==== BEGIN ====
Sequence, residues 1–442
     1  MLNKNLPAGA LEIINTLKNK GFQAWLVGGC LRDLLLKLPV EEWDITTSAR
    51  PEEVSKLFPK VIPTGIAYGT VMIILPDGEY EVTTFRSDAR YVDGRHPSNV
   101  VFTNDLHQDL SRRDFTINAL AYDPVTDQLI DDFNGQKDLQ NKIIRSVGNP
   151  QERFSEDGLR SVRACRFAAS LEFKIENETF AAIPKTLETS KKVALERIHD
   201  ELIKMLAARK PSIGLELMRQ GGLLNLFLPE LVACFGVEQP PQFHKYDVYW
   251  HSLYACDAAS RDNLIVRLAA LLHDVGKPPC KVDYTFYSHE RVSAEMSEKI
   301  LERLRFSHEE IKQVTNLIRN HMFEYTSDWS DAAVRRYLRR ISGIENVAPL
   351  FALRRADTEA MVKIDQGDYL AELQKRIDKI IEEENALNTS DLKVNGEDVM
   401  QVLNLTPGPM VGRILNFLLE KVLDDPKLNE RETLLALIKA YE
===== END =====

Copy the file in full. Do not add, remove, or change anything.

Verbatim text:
Sequence, residues 1–442
     1  MLNKNLPAGA LEIINTLKNK GFQAWLVGGC LRDLLLKLPV EEWDITTSAR
    51  PEEVSKLFPK VIPTGIAYGT VMIILPDGEY EVTTFRSDAR YVDGRHPSNV
   101  VFTNDLHQDL SRRDFTINAL AYDPVTDQLI DDFNGQKDLQ NKIIRSVGNP
   151  QERFSEDGLR SVRACRFAAS LEFKIENETF AAIPKTLETS KKVALERIHD
   201  ELIKMLAARK PSIGLELMRQ GGLLNLFLPE LVACFGVEQP PQFHKYDVYW
   251  HSLYACDAAS RDNLIVRLAA LLHDVGKPPC KVDYTFYSHE RVSAEMSEKI
   301  LERLRFSHEE IKQVTNLIRN HMFEYTSDWS DAAVRRYLRR ISGIENVAPL
   351  FALRRADTEA MVKIDQGDYL AELQKRIDKI IEEENALNTS DLKVNGEDVM
   401  QVLNLTPGPM VGRILNFLLE KVLDDPKLNE RETLLALIKA YE